Mindfulness Can Literally Change Your Brain

Perhaps you haven’t heard that the hype about mindfulness is backed by hard science? Recent research provides strong evidence that practicing non-judgmental, present-moment awareness (a.k.a. mindfulness) changes the brain.

 Your anterior cingulate cortex

“The first is the anterior cingulate cortex (ACC), a structure located deep inside your forehead, behind the brain’s frontal lobe. The ACC is associated with self-regulation, meaning the ability to purposefully direct attention and behavior, suppress inappropriate knee-jerk responses, and switch strategies flexibly.”

“People with damage to the ACC show impulsivity and unchecked aggression, and those with impaired connections between this and other brain regions perform poorly on tests of mental flexibility: they hold onto ineffective problem-solving strategies rather than adapting their behavior.”

Meditators, on the other hand, demonstrate superior performance on tests of self-regulation, resisting distractions and making correct answers more often than non-meditators. They also show more activity in the ACC than non-meditators. In addition to self-regulation, the ACC is associated with learning from past experience to support optimal decision-making. Scientists point out that the ACC may be particularly important in the face of uncertain and fast-changing conditions.”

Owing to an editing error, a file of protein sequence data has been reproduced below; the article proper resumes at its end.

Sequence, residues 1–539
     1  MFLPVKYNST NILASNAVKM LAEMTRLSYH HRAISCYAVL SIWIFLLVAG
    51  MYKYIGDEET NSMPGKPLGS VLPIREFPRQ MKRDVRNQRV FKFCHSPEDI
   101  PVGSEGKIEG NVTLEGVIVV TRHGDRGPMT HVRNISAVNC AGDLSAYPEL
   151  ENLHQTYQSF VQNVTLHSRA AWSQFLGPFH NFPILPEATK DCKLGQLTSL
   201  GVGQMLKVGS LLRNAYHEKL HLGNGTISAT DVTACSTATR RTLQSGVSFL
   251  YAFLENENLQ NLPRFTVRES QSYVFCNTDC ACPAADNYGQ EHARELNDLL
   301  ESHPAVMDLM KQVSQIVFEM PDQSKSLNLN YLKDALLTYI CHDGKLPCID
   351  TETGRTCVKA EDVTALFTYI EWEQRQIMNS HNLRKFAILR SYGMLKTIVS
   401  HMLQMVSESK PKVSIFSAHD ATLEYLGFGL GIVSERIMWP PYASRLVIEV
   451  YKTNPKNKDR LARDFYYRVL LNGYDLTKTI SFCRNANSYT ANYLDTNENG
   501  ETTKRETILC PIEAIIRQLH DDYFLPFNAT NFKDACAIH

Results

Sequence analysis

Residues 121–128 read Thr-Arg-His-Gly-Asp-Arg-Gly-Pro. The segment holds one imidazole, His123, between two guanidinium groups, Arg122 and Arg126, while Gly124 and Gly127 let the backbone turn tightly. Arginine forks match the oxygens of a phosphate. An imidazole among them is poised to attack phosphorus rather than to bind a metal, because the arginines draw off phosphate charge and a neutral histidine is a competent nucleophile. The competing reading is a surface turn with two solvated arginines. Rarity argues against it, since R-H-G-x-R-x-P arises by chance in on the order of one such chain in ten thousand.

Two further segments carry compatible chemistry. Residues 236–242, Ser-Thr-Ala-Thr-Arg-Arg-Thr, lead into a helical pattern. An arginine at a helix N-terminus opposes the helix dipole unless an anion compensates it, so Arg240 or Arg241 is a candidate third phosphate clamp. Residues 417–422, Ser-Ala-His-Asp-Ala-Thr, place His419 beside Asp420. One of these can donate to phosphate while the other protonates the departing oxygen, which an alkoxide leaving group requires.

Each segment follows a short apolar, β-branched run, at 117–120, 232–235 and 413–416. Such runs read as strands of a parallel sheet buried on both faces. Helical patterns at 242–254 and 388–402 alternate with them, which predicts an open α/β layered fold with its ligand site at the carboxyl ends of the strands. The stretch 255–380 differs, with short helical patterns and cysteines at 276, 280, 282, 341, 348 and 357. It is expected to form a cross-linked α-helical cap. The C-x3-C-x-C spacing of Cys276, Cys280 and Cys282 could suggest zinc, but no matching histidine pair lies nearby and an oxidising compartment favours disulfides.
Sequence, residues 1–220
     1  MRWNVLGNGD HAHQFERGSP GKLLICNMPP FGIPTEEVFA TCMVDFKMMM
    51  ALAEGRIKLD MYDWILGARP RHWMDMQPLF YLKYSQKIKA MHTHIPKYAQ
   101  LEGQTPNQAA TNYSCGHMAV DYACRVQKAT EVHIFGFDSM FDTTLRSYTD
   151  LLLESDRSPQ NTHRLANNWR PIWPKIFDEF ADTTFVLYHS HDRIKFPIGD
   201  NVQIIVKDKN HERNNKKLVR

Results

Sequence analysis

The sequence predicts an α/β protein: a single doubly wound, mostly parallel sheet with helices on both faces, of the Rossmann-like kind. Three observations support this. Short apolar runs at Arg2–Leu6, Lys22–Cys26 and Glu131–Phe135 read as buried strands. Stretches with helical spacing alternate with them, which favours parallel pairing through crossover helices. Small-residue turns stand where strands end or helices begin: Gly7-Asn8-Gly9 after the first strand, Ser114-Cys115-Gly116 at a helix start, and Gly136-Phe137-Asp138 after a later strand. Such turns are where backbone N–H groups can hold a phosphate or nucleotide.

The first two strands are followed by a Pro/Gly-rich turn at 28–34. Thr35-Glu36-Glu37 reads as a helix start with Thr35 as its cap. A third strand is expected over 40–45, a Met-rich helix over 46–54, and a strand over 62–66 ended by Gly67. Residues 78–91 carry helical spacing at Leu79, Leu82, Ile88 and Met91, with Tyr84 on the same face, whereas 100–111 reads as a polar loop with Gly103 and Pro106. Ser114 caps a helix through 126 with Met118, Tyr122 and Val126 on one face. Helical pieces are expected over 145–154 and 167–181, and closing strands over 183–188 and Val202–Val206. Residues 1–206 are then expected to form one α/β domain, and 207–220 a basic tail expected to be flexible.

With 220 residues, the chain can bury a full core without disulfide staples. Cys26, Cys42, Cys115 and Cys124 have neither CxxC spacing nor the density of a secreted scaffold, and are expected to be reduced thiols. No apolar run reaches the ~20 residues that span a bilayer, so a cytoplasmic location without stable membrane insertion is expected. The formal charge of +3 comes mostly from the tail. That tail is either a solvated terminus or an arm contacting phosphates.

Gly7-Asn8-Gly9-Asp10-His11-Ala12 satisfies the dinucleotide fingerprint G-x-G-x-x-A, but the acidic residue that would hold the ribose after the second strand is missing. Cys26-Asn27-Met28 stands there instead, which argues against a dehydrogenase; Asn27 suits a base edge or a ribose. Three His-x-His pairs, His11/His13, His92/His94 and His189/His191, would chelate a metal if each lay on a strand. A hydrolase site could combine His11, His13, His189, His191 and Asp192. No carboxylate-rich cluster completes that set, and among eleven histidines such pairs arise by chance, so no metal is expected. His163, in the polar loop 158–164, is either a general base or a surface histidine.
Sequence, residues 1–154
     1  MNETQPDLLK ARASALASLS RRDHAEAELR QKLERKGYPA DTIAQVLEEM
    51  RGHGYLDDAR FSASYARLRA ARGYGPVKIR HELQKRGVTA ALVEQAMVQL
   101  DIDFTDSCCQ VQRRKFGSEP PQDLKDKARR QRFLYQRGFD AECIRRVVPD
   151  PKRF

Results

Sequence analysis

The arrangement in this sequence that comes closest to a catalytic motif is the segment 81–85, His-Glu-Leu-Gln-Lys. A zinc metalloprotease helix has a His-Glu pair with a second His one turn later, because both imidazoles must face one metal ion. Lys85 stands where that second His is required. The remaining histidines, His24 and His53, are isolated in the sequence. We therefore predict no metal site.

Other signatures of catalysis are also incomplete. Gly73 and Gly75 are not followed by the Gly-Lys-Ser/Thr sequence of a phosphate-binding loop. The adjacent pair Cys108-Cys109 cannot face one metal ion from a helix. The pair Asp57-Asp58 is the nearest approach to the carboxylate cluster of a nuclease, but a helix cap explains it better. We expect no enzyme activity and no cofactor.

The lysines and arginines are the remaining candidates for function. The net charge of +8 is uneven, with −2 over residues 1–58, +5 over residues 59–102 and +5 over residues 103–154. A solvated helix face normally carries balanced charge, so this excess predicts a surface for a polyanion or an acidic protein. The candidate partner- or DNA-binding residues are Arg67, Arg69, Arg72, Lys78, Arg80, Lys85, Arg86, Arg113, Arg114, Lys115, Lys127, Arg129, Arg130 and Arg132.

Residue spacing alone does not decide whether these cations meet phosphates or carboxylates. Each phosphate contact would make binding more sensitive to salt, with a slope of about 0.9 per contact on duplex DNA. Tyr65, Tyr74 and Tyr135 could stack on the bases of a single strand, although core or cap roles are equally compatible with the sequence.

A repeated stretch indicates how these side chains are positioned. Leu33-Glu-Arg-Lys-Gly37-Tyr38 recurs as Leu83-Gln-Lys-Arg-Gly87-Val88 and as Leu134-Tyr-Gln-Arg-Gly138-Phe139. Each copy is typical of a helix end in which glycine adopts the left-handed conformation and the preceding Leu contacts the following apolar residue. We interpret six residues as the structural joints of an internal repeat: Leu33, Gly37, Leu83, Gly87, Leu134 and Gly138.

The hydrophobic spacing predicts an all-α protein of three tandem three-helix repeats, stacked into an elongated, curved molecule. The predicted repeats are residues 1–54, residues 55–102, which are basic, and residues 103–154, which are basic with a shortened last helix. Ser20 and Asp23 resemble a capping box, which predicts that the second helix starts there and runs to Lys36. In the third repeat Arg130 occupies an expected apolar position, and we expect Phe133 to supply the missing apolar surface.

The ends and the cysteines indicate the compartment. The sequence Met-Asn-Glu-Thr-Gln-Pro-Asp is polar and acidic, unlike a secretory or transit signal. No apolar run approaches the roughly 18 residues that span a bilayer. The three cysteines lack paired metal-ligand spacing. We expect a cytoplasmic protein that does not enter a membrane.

Your hippocampus

“The hippocampus, a region that showed increased amounts of gray matter in the brains of a 2011 mindfulness program participants. This seahorse-shaped area is buried inside the temple on each side of the brain and is part of the limbic system, a set of inner structures associated with emotion and memory. It is covered in receptors for the stress hormone cortisol, and studies have shown that it can be damaged by chronic stress, contributing to a harmful spiral in the body. People with stress-related disorders like depresssion and PTSD tend to have a smaller hippocampus. All of this points to the importance of this brain area in resilience.”

Neuroscientists have also shown that practicing mindfulness affects brain areas related to

  • perception
  • body awareness
  • pain tolerance
  • emotion regulation
  • introspection
  • complex thinking
  • sense of self.

Mindfulness can be integrated into your religious or spiritual life, or practiced as a form of secular mental training.  When we take a seat, take a breath, and commit to being mindful, particularly when we gather with others who are doing the same, we have the potential to be changed.

(A team of scientists from the University of British Columbia and the Chemnitz University of Technology were able to pool data from more than 20 studies to determine which areas of the brain are consistently affected. They identified at least eight different regions.)

6 thoughts on “Mindfulness Can Literally Change Your Brain

  1. I’ve often thought I’d like to learn meditation and I often try to practice it at home. Now I understand why doing it as part of a group might be more effective. Tai Chi also appeals to me as it coordinates physical movement and mind focus. But overcoming inertia and my usual excuses about why I can’t/don’t do these things is my big problem.

    Like

    • Shari,
      I do a 10 -20 minute meditation after I say prayers in the morning. I sometimes miss the meditation part but coupling it with my prayers helps. I also just joined a weekly meditation group which has been helpful also.
      I believe that prayer is talking to God, meditation is listening . . . and God created both inertia of rest and inertia of motion . . .

      Liked by 1 person

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